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Anaesthesia 2001 Mar;56 (3): 238-47. 全文索取
Damage to the conus medullaris following spinal anaesthesia.

Abstract
Seven cases are described in which neurological damage followed spinal or combined spinal-epidural anaesthesia using an atraumatic spinal needle. All patients were women, six obstetric and one surgical. All experienced pain during insertion of the needle, which was usually believed to be introduced at the L2-3 interspace. In all cases, there was free flow of cerebrospinal fluid before spinal injection. There was one patchy block but, in the rest, anaesthesia was successful. Unilateral sensory loss at the levels of L4-S1 (and sometimes pain) persisted in all patients; there was foot drop in six and urinary symptoms in three. Magnetic resonance imaging showed a spinal cord of normal length with a syrinx in the conus (n = 6) on the same side as both the persisting clinical deficit and the symptoms that had occurred at insertion of the needle. The tip of the conus usually lies at L1-2, although it may extend further. Tuffier's line is an unreliable method of identifying the lumbar interspaces, and anaesthetists commonly select a space that is one or more segments higher than they assume. Because of these sources of error, anaesthetists need to relearn the rule that a spinal needle should not be inserted above L3.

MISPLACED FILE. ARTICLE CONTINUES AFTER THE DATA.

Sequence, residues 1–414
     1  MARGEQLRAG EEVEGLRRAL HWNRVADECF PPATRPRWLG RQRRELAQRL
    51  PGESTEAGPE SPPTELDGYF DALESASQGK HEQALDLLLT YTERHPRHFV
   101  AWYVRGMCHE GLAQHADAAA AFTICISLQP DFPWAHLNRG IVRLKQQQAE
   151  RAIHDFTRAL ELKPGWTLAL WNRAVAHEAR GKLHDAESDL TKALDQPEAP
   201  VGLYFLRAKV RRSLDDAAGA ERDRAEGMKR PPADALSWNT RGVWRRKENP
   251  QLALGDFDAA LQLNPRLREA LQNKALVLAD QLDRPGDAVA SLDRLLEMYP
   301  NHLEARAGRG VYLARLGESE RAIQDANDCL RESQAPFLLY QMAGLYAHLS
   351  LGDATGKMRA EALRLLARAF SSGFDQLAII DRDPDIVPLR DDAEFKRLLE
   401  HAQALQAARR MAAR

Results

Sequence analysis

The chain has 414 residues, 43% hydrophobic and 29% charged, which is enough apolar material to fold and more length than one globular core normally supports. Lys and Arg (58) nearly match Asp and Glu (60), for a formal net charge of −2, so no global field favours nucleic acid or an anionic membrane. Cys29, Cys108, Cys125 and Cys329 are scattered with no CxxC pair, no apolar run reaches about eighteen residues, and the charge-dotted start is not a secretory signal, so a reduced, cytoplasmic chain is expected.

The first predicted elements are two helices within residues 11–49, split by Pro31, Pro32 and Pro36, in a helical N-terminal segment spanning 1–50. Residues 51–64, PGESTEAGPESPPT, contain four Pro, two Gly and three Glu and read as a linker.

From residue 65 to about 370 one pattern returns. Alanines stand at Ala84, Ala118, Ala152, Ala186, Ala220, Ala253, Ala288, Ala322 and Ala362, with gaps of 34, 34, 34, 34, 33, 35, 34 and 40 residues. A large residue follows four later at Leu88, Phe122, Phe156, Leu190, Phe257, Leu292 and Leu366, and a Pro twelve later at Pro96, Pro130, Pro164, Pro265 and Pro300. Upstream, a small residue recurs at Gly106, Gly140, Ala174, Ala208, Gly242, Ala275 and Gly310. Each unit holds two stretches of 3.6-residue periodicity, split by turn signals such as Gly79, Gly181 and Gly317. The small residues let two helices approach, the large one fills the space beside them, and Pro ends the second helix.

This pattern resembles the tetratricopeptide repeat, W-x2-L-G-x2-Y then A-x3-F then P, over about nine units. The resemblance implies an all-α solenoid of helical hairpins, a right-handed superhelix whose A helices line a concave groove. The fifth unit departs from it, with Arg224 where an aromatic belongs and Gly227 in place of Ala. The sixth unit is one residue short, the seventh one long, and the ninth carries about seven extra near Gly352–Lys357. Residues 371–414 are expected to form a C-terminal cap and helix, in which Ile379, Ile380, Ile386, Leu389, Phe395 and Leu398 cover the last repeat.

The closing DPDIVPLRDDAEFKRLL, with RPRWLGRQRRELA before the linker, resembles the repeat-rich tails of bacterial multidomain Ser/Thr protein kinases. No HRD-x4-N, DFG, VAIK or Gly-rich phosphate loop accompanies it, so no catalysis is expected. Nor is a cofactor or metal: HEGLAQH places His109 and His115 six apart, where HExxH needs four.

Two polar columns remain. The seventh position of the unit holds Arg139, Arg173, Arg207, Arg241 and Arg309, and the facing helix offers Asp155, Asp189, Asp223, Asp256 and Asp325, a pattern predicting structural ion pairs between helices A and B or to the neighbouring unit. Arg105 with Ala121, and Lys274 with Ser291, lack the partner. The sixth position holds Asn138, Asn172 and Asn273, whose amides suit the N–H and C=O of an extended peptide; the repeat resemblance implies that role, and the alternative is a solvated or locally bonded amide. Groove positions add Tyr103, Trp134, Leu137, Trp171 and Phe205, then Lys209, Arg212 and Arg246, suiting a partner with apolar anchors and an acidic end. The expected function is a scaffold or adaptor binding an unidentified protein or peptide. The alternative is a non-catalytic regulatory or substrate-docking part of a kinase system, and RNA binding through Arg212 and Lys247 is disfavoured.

PMID: 11251431 [Pubmed - MEDLINE]

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